When it was good, in its first season, Gossip Girl cleverly combined high school mean girls with the citizen reportage of TMZ to produce a world in which everyone spied on everyone else by sending tips, photos, and rumors to a Web site, which picks the most damaging moment to publish them and blast them to everyone's mobile phones.

The Good Wife goes further to exploit the fact that most of us, especially those old enough to remember life before CCTV, go on about our lives forgetting that everywhere we leave a trail. Some are, of course, old staples of investigative dramas: phone records, voice messages, ballistics, and the results of a good, old-fashioned break-in-and-search. But some are myth-busting.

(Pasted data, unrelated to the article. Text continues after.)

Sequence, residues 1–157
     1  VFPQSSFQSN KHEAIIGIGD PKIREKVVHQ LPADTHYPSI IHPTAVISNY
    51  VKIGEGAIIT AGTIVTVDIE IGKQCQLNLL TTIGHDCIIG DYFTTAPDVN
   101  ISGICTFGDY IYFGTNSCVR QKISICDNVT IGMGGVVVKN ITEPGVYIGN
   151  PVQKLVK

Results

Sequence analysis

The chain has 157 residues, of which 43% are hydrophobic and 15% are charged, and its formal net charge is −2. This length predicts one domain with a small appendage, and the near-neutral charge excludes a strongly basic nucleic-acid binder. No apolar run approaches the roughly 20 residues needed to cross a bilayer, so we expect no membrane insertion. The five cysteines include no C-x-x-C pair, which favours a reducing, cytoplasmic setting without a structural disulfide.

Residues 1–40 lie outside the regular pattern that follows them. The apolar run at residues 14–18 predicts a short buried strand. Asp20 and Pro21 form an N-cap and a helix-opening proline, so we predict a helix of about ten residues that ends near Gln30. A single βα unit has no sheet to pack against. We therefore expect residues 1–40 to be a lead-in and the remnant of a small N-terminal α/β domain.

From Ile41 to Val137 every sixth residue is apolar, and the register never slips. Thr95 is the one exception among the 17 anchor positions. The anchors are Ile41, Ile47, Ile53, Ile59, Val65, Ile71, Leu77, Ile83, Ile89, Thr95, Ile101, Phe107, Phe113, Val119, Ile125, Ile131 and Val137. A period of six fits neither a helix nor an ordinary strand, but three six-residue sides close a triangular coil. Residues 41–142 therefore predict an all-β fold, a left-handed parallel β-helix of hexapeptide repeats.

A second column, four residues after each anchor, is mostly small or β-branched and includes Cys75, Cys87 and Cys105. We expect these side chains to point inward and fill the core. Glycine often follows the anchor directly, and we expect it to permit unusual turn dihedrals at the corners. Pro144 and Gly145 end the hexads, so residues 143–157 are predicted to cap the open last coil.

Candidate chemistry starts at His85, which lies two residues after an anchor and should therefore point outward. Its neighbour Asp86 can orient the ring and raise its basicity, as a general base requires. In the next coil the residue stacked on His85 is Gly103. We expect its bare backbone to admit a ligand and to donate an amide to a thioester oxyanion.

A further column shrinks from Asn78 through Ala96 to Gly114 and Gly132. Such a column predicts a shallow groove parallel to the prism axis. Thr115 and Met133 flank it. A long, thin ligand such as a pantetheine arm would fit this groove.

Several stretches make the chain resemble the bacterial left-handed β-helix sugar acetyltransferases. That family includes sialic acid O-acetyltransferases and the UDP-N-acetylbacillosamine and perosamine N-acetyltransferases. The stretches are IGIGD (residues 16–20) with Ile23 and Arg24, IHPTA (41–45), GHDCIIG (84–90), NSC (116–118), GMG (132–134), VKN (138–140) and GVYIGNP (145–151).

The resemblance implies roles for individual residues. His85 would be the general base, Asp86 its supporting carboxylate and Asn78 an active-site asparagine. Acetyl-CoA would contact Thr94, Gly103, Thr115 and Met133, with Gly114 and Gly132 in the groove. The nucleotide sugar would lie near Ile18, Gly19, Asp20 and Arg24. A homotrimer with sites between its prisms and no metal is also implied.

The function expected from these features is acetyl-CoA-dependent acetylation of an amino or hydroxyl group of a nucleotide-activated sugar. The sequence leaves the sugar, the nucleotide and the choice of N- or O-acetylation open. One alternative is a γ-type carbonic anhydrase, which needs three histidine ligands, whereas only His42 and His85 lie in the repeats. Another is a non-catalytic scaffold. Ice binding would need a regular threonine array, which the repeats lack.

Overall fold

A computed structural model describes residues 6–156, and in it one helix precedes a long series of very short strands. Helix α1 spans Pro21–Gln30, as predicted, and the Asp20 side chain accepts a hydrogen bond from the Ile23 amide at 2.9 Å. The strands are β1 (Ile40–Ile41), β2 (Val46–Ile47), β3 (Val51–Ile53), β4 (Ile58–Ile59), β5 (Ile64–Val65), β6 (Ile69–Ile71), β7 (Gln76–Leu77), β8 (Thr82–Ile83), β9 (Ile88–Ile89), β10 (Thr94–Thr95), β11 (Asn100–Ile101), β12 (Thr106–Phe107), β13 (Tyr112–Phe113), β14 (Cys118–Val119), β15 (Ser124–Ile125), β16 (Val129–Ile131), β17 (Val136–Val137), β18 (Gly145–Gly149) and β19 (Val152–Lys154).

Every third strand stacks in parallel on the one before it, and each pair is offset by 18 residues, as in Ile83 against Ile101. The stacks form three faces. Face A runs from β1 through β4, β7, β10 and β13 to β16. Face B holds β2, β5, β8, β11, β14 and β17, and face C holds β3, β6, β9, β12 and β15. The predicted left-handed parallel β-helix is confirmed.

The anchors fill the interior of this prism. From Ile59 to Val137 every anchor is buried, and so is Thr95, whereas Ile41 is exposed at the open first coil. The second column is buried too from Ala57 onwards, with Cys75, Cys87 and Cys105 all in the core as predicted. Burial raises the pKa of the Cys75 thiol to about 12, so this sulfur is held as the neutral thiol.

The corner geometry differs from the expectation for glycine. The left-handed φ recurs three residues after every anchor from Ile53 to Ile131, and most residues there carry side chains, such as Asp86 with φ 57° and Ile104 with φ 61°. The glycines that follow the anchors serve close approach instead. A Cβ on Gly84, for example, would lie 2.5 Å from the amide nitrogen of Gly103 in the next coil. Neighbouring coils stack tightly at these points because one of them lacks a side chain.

One case (S2e15, "Silver Bullet") hinges on the difference between the compressed, digitized video copy and the original analog video footage: dropped frames change everything. A much earlier case (S1e06, "Conjugal") hinges on eyewitness testimony; despite a slightly too-pat resolution (I suspect now, with more confidence, it might have been handled differently), the show does a textbook job of demonstrating the flaws in human memory and their application to police line-ups. In a third case (S1e17, "Heart"), a man faces the loss of his medical insurance because of a single photograph posted to Facebook showing him smoking a cigarette. And the disgraced husband's (Peter Florrick, played by Chris Noth) attempt to clear his own name comes down to a fancy bit of investigative work capped by camera footage from an ATM in the Cayman Islands that the litigator is barely technically able to display in court. As entertaining demonstrations and dramatizations of the stuff net.wars talks about every week and the way technology can be both good and bad - Alicia finds romance in a phone tap! - these could hardly be better. The stuffed lion speaker phone (S2e19, "Wrongful Termination") is just a very satisfying cherry topping of technically clever hilarity.